Along with urgently addressing our growing public health crisis, Biden’s transition team must act decisively to avoid the looming eviction crisis. The short-term interventions that are being discussed—widespread stimulus aid, extending and enforcing eviction moratoria, policies that protect small landlords from rental nonpayment—are essential to avoid catastrophic conditions for a large share of residents. Furthermore, these policies are vital to protect our region, which depends on low- and moderate-income essential workers, whose well-being is critical not only during the current pandemic, but to the strength of our local economy in the future.

But we must go further to improve housing and economic stability for all renters as well.

In the long run, state and local officials must work with the Biden administration to enact structural changes to our social safety net and housing policies, providing renters with greater stability in times of crisis. This study shows how housing instability and unaffordability drives other forms of vulnerability, like job loss, homelessness and medical emergencies, rendering housing foundational to overall economic stability and wellness.

We also need structural changes in our housing markets. We need new affordable housing, which we can encourage through zoning reforms and by changing how we finance and approve new housing so it can be built more affordably and swiftly. We need to expand the Housing Choice Voucher program, which fixes a household’s rental costs to no more than 30% of income, ensuring that people with low incomes are protected against rising rents. We also need to address social exclusion, prohibiting landlords from discriminating by payment source and enforcing existing laws against housing discrimination.

The pandemic has certainly created enormous economic harm across the nation, and especially for renters that comprise over half of the households in Los Angeles and many large cities. But its impacts have been so severe because renters were already struggling to address an unaffordability crisis before the pandemic. With the Biden Administration, we not only have the opportunity to help people survive this crisis, but also to create a society where we all have the opportunity to thrive. To do so will require bold and decisive action by the government, strong political will, and an understanding that we cannot just go back to our pre-pandemic status quo.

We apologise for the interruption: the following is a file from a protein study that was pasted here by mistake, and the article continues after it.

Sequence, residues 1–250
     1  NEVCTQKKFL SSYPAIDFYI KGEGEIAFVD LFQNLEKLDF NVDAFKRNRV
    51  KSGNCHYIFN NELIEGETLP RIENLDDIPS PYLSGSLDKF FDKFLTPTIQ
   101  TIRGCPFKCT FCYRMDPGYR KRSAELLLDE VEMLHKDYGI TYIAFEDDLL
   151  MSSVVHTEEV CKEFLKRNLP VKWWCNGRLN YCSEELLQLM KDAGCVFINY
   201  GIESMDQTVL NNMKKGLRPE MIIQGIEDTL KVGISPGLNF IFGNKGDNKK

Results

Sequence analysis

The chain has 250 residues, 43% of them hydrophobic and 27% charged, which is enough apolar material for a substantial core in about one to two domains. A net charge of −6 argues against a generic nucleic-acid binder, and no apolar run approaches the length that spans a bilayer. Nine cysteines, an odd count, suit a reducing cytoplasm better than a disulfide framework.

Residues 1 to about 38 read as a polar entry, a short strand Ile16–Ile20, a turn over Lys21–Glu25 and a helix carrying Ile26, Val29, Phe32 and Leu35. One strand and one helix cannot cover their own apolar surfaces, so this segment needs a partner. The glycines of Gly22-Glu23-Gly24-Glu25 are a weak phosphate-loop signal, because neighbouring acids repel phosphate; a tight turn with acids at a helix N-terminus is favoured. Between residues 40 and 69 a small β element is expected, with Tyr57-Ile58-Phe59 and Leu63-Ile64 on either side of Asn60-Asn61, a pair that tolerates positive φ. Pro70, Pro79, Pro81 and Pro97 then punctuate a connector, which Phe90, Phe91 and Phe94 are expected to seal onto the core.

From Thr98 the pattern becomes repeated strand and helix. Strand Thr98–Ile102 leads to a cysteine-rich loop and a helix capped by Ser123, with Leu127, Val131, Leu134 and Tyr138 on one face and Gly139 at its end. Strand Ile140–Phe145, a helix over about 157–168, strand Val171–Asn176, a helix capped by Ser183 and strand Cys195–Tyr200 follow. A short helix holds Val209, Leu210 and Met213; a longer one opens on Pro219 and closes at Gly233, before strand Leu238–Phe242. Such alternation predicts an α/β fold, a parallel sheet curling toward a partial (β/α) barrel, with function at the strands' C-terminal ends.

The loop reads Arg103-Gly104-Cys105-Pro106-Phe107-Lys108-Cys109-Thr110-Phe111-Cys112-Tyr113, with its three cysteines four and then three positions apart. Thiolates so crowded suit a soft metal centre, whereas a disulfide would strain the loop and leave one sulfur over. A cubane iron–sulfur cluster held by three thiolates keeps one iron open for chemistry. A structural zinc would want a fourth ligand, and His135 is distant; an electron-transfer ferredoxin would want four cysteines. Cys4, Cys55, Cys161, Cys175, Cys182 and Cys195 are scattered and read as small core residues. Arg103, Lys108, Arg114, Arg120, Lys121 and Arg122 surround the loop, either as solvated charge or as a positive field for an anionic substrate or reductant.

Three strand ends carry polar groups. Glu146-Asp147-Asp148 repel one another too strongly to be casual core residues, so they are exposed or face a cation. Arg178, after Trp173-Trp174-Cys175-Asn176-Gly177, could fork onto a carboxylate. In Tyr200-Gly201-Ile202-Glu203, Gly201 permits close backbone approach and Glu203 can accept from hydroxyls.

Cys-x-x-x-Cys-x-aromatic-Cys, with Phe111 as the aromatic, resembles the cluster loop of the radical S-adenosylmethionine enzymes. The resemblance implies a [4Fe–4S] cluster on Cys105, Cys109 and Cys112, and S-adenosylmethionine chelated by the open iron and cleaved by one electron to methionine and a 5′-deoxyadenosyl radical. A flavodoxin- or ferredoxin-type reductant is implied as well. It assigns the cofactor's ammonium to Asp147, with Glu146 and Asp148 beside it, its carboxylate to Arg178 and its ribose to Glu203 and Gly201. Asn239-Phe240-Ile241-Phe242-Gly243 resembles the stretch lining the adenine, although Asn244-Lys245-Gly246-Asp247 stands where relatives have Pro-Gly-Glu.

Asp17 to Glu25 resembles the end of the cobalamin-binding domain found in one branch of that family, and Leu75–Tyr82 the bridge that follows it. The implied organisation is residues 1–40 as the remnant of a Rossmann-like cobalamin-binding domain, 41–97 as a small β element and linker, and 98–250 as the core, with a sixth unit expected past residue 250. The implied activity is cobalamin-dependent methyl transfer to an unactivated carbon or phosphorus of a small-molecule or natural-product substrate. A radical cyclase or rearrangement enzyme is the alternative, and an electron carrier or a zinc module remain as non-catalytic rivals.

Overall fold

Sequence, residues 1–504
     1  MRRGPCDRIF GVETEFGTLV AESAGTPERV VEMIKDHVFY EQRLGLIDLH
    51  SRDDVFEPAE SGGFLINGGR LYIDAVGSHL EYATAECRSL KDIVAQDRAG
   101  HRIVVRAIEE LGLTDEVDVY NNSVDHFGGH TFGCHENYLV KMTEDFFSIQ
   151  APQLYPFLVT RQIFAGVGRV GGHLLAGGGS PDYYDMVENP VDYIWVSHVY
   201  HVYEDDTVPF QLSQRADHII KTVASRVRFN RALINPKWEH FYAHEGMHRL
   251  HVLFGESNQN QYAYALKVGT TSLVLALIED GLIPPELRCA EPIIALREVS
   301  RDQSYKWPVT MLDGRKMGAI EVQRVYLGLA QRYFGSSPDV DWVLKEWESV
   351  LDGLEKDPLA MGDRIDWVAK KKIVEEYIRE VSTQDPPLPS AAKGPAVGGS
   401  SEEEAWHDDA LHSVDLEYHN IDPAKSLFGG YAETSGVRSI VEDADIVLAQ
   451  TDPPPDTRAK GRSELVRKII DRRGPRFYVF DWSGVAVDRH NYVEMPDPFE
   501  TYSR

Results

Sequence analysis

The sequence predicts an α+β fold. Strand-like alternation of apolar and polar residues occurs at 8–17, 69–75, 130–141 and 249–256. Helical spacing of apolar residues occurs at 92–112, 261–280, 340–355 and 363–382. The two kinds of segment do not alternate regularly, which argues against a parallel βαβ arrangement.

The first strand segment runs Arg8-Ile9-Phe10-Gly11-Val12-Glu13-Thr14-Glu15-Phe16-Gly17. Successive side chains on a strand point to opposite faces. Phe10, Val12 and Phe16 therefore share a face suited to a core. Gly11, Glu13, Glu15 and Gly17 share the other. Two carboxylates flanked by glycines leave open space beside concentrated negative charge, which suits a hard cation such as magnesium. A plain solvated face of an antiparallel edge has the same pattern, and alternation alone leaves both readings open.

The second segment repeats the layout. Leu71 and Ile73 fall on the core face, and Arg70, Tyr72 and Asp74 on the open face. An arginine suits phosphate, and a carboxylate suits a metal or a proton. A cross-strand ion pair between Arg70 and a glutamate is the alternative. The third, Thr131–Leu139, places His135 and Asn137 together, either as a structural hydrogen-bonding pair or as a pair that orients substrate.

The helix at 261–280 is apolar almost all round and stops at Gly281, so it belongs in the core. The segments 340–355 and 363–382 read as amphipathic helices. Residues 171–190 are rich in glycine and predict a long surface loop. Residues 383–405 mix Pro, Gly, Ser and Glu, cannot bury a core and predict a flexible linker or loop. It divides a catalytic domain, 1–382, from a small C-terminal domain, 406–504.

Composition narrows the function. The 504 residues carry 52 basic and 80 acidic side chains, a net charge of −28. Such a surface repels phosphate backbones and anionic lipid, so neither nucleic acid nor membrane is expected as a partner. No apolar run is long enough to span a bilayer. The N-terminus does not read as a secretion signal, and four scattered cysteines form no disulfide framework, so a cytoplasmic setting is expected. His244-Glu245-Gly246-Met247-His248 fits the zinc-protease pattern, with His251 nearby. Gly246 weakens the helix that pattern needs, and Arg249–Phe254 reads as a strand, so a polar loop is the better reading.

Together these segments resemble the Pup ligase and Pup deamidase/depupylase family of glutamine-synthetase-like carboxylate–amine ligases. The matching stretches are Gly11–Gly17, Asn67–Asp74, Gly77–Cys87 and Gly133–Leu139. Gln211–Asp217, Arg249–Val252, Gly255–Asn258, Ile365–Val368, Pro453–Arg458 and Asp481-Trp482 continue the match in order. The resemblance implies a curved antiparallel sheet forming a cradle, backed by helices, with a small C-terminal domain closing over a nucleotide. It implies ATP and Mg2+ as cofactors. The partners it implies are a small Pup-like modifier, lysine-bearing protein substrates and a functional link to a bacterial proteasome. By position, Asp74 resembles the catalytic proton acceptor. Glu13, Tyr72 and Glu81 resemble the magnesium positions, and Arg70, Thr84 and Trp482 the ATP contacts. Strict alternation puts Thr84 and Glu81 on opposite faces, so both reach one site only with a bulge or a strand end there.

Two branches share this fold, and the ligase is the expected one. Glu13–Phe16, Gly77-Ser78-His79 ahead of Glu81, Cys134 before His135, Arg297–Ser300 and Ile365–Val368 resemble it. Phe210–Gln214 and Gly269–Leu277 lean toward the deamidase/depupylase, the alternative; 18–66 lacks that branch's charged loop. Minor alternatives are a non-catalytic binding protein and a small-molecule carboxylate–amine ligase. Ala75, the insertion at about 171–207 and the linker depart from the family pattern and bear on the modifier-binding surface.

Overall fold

ABOUT OUR HOUSING AFFORDABILITY RESEARCH

In 2019, a team of researchers from the USC Price Center for Social Innovation—led by Jovanna Rosen, Sean Angst, Soledad De Gregorio, and Gary Painter—conducted an in-person, door-to-door survey of 800 Los Angeles renter households to better understand the impacts of the housing affordability crisis in our region. The project aimed to understand how rental affordability operates, uncovering how it impacts residents in Los Angeles specifically, and how its effects differ across populations. Surveys were conducted in Spanish and English, across both the Los Angeles Promise Zone (LAPZ), in Central Los Angeles, and the South Los Angeles Promise Zone (SLATE-Z).

In December 2020, we published the first set of findings from the 2019 survey, focused on understanding the coping strategies and adjustments that renters in Los Angeles make in response to high rents.

See here for additional information about this project and our housing affordability work.